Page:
Recovery: Improving Sleep Habits and Sleep Quality

Two recent science review papers released take a look at sleep. Poor sleep hinders performance, impairs recovery, and, thus, undermines efforts to lose fat or gain muscle. So, a good night’s sleep is a must for people trying to lose fat or add muscle. Links to the studies below; the second one offered practical suggestions for improving sleep habits and enhancing sleep quality:

  • Don’t go to bed until you are sleepy. If you aren’t sleepy, get out of bed and do something else until you become sleepy.
  • Regular bedtime routines/rituals help you relax and prepare your body for bed (reading, warm bath, etc.).
  • Try to get up at the same time every morning (including weekends).
  • Try to get a full night’s sleep every night, avoid naps during day if possible (if you must nap, limit to 1 hour and avoid napping after 3 p.m.).
  • Use the bed for sleep and intimacy only; not for any other activities such as TV, computer or phone use, etc.
  • Avoid caffeine if possible (if must use caffeine, avoid after lunch).
  • Avoid alcohol if possible (if must use alcohol, avoid right before bed).
  • Do not smoke cigarettes or use nicotine, ever.
  • Consider avoiding high-intensity exercise right before bed (extremely intense exercise may raise cortisol, which impairs sleep).
  • Make sure bedroom is quiet, as dark as possible, and a little on the cool side rather than warm.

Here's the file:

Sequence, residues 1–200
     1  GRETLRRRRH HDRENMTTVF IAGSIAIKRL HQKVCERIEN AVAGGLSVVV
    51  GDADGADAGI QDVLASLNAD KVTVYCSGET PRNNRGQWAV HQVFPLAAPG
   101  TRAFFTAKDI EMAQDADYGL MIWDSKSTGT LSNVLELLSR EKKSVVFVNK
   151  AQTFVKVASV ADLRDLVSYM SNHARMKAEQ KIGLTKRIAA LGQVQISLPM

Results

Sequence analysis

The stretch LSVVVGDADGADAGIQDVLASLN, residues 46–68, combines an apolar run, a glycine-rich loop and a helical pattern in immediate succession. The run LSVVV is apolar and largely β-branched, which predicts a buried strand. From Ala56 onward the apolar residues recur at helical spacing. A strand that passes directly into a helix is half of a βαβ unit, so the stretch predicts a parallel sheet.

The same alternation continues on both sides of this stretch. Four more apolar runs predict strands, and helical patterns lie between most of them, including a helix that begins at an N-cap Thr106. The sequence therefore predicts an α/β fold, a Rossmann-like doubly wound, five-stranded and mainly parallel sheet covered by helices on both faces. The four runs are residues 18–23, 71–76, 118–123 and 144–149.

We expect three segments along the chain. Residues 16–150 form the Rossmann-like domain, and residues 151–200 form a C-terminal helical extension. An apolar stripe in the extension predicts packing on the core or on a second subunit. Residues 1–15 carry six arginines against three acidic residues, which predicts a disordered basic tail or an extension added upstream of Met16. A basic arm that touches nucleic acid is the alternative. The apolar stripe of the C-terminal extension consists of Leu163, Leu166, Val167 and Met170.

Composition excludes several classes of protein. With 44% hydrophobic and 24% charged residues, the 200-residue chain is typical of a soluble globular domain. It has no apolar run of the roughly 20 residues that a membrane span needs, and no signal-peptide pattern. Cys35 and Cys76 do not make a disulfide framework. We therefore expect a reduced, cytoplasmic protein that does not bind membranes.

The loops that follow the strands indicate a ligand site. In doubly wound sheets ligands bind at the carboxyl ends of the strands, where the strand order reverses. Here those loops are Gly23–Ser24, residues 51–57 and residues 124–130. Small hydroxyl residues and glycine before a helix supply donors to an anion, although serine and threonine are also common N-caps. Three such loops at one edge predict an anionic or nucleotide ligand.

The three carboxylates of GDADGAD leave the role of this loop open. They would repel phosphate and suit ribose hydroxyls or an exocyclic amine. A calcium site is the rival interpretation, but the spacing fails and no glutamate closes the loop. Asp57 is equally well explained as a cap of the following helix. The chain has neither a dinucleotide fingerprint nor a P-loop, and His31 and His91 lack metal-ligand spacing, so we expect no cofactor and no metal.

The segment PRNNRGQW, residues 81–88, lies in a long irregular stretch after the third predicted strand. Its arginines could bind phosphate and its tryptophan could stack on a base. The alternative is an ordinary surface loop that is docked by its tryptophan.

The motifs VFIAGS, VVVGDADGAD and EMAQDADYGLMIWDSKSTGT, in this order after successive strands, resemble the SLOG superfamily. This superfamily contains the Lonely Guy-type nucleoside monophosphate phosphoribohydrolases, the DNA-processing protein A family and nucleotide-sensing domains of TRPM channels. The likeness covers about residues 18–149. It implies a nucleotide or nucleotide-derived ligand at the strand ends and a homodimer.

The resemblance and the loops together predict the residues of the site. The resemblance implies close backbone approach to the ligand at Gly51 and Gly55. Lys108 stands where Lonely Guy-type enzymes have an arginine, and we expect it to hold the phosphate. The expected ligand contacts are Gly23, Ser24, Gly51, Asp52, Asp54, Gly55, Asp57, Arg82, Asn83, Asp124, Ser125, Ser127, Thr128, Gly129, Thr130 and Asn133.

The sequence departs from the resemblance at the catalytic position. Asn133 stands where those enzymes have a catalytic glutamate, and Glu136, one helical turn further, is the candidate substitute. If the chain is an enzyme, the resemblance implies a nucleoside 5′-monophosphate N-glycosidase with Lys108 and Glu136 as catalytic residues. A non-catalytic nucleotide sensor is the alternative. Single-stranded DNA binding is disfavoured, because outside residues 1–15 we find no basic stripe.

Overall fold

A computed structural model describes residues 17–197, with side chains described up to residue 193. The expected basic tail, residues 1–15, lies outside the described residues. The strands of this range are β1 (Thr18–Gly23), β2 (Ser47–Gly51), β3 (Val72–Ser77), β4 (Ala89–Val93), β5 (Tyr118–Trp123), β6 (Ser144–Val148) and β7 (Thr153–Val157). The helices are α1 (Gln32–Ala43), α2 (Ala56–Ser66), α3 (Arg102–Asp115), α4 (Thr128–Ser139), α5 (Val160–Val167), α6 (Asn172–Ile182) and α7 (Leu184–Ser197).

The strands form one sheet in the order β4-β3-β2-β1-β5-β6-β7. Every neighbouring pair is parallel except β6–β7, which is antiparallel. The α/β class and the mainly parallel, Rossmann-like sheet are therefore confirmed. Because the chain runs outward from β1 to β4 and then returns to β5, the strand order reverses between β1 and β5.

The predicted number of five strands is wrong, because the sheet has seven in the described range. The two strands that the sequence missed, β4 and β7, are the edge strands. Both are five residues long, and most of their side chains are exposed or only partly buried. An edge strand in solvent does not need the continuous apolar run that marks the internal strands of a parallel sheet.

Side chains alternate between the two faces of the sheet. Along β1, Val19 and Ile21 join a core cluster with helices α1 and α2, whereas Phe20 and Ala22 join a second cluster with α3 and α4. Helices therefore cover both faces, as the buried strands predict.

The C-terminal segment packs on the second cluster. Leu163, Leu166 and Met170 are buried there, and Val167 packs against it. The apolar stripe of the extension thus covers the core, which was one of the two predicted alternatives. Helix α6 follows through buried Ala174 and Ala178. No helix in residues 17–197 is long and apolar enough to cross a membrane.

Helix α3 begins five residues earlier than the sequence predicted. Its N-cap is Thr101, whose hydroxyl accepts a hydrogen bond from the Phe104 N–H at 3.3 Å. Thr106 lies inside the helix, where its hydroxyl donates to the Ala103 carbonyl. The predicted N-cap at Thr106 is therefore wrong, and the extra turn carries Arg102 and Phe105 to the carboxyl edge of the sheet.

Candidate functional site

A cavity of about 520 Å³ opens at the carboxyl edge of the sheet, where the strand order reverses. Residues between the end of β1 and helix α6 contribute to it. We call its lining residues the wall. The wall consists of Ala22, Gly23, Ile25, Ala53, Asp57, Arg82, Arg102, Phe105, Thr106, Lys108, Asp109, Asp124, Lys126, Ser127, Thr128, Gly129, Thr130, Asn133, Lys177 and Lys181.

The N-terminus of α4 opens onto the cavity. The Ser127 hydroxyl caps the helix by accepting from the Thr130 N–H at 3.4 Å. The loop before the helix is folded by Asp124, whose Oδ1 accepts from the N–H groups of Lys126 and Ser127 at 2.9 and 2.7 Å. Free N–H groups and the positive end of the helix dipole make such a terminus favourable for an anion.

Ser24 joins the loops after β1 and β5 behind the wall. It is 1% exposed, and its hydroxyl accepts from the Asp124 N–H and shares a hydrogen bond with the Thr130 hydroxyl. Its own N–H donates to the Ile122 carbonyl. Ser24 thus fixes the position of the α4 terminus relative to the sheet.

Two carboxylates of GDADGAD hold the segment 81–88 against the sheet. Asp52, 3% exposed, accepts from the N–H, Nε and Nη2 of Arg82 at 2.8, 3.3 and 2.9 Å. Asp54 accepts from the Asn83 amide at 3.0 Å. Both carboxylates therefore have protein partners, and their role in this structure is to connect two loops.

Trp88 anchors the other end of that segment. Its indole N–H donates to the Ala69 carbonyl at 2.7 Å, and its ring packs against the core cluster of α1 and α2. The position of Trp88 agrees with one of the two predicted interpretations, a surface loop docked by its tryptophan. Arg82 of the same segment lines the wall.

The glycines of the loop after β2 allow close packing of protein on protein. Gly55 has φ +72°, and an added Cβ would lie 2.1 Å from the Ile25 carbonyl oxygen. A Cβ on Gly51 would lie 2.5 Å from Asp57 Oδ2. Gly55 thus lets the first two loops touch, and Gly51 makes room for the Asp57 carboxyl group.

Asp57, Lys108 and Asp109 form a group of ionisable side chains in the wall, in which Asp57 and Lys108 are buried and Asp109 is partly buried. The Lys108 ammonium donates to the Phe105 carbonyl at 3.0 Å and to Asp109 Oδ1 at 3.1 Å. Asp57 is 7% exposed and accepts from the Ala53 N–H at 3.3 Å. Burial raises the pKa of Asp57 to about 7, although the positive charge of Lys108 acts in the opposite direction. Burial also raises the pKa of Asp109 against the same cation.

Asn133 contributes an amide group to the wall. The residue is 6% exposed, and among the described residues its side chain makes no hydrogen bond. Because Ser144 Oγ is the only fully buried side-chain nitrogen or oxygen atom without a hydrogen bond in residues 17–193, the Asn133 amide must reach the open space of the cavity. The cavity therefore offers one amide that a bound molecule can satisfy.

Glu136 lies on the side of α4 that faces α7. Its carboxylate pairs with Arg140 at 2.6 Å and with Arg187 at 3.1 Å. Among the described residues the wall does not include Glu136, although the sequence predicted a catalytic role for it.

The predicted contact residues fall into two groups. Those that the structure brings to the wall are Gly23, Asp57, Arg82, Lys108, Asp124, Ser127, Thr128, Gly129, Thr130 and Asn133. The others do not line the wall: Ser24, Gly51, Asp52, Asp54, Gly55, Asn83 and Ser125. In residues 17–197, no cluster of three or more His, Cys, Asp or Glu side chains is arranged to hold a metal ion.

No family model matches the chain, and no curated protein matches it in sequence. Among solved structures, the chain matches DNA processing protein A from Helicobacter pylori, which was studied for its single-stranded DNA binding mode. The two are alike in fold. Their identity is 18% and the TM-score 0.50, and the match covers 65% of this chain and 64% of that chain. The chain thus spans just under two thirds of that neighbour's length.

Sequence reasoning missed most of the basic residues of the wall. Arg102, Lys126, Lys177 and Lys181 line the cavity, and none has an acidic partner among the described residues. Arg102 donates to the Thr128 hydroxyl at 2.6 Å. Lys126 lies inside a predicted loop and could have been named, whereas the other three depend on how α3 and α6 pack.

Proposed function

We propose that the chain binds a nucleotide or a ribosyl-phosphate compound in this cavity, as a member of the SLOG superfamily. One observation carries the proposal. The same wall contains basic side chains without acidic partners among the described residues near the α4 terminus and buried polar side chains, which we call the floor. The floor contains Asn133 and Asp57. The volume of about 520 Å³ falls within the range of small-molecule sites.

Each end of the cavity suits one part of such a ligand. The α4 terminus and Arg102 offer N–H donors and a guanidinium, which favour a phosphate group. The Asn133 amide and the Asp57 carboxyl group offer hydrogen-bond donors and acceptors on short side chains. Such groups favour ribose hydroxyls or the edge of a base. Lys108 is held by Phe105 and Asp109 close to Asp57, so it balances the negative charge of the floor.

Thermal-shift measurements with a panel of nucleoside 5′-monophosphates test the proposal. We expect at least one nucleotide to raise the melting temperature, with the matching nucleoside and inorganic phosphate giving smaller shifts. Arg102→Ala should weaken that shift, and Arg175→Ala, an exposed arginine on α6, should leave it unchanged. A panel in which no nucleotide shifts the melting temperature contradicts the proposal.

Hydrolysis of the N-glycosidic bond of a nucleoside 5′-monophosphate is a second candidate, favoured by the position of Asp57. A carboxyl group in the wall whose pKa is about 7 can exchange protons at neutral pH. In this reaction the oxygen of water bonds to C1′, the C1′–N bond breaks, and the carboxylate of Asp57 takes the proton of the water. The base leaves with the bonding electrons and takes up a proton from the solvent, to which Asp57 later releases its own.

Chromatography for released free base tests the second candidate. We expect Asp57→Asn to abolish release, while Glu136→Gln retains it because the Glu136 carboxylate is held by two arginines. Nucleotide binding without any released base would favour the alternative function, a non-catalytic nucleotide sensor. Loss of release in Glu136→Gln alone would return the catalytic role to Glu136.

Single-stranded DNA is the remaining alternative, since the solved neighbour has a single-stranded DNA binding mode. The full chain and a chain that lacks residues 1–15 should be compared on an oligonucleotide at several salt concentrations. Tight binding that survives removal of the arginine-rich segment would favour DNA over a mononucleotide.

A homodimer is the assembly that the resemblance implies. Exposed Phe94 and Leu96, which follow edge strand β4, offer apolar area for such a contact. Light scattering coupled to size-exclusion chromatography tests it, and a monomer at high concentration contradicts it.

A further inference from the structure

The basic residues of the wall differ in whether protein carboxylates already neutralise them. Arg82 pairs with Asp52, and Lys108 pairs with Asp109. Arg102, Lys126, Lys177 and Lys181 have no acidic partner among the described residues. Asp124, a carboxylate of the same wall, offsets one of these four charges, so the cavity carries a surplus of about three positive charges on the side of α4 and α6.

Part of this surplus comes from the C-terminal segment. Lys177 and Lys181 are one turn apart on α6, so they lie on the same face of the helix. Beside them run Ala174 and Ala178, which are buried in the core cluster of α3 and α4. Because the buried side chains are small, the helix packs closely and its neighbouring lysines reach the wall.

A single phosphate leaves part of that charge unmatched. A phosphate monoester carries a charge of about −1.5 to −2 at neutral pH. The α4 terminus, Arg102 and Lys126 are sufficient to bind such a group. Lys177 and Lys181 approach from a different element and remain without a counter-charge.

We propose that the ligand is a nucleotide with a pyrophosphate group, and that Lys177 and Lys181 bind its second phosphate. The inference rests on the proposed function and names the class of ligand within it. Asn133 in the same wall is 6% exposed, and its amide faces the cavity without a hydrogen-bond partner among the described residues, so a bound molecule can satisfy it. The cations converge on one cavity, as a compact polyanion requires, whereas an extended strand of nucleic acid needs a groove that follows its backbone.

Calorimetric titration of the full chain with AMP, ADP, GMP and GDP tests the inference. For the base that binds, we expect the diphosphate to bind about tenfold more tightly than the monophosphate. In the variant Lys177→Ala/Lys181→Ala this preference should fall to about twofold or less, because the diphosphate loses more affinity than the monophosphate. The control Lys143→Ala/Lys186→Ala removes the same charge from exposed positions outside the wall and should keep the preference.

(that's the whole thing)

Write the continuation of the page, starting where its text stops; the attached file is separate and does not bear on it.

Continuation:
• Avoid blue light emitted from screens at least 2 hour before bed (smartphones, laptop, monitors). Blue light suppresses melatonin production that is needed to induce sleep. Avoid text messaging, social media, games, app use.
  • Get bright, natural light upon awakening.
  • Don’t hit the snooze button. It does not improve sleep quality.
  • If you have difficulty waking up, some suggest a dawn-simulator alarm clock.
  • If you must use your computer at night, consider installing color-adjusting and blue-light reducing software or wear blue-light blocking glasses.
  • Meditation may be helpful. Brainwave entrainment (e. g., binaural beats) is considered experimental.
  • Higher carbohydrate (namely high glycemic index foods) at night may improve sleep, as well as high protein including tryptophan. High fat intake at night may disrupt sleep. Inadequate total caloric intake during the day may impair sleep at night.
  • Topical magnesium (e. g., salt bath, topical mineral oil) or oral magnesium may help if you are deficient.
  • Melatonin naturally occurring in foods (e. g., tart cherry juice, raspberries, goji berries, walnuts, almonds, tomatoes) may potentially improve sleep, but avoid artificial melatonin supplements.
  • Don’t fall asleep to the TV. Sleep studies show you frequently wake up during the night and have poor quality sleep.
  • Consider reducing your fluid intake before bed so you don’t get up to go to the bathroom (only if you maintain enough hydration during the day).
  • Check your mattress – it may be too old (mattresses typically last a maximum of 9–10 years) and may have allergens.
  • Recovery from exercise should not only focus on muscle recovery. Reducing mental fatigue is just as important for healthy sleep. Reduce external stressors in your life.

Links to studies: https://www.sciencedirect.com/…/…/abs/pii/S0765159719300723…, https://www.ncbi.nlm.nih.gov/pubmed/31288293…

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